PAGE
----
F.: Quentin Théron, Thibaut Duez. M.: Fanny Servant. Int.: Baptiste Etchegaray (voce narrante). Prod.: Jérôme Barthélemy, Daniel Sauvage per Caïmas productions, con la partecipazione di Cine+, Paris Première, Centre national du cinéma et de l’image animée. DCP. Bn e Col.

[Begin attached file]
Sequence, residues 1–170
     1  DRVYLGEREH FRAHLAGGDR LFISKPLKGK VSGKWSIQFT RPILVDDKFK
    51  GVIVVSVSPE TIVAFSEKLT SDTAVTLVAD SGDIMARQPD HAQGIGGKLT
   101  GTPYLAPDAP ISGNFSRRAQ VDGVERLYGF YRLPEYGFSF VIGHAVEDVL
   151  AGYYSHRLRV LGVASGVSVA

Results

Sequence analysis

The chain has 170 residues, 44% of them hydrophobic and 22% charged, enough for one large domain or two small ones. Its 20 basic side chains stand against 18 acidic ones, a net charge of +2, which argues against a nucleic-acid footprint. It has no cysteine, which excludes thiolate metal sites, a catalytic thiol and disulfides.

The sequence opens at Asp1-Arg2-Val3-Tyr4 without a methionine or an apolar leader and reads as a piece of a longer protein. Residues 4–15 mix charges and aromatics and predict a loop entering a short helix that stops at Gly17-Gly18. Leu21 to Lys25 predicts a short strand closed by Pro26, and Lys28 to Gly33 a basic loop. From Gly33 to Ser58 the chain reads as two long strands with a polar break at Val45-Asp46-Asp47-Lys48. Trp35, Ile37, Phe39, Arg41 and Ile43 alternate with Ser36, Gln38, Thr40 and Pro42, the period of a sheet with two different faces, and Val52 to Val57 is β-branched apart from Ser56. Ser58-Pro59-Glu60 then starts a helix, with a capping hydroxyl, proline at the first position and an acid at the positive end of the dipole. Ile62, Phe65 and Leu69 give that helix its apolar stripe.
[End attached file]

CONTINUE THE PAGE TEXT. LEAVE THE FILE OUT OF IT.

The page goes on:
The comic art of Louis de Funès (1914-1983), like that of Totò and a few others, ultimately transcends the limits of the films in which he appeared, thanks to the dynamic expressivity of his persona. Drawing on contributions from critics, scholars and the actor’s colleagues, this documentary deciphers the keys to the de Funès phenomenon, intelligently analysing the peculiar characters of his facial and corporeal mimicry, the plasticity of his gestures, and the doubling of character and creator (in the sense that, once he became successful, ‘Fufu’ effectively became the author of the majority of his films, often limiting the director’s role). Born into a well-off Spanish family, de Funès began his film career relatively late (in 1946, when he was in his 30s) with a lengthy theatrical and cinematic apprenticeship, before achieving international celebrity in 1963 and going on to reign supreme at the French box office almost without interruption until his premature death. He made use of that long ‘prelude’ to refine and enrich his repertoire of grimaces, looks and movements, creating an explosive, original and irresistible ‘graphic’ range. Whatever character he was playing, de Funès always emitted a destabilising and pyrotechnic electricity, a nervous madness that was organic and visceral in character, and marked by excess. Like all the great clowns, ‘Fufu’ would have found his ideal place in silent cinema and dialogue was often willingly sabotaged by his brilliant excesses, which truncated, distorted and ridiculed the logic of French rationalism. As the film extracts chosen by Etchegaray e Perge make clear, his small and agile body could perform wild acrobatic acts, transforming him into a sort of living cartoon. A masterful solo artist, he could also perform equally successfully in a duo; with Michel Galabru in the Gendarme series, he created duets worthy of Laurel & Hardy.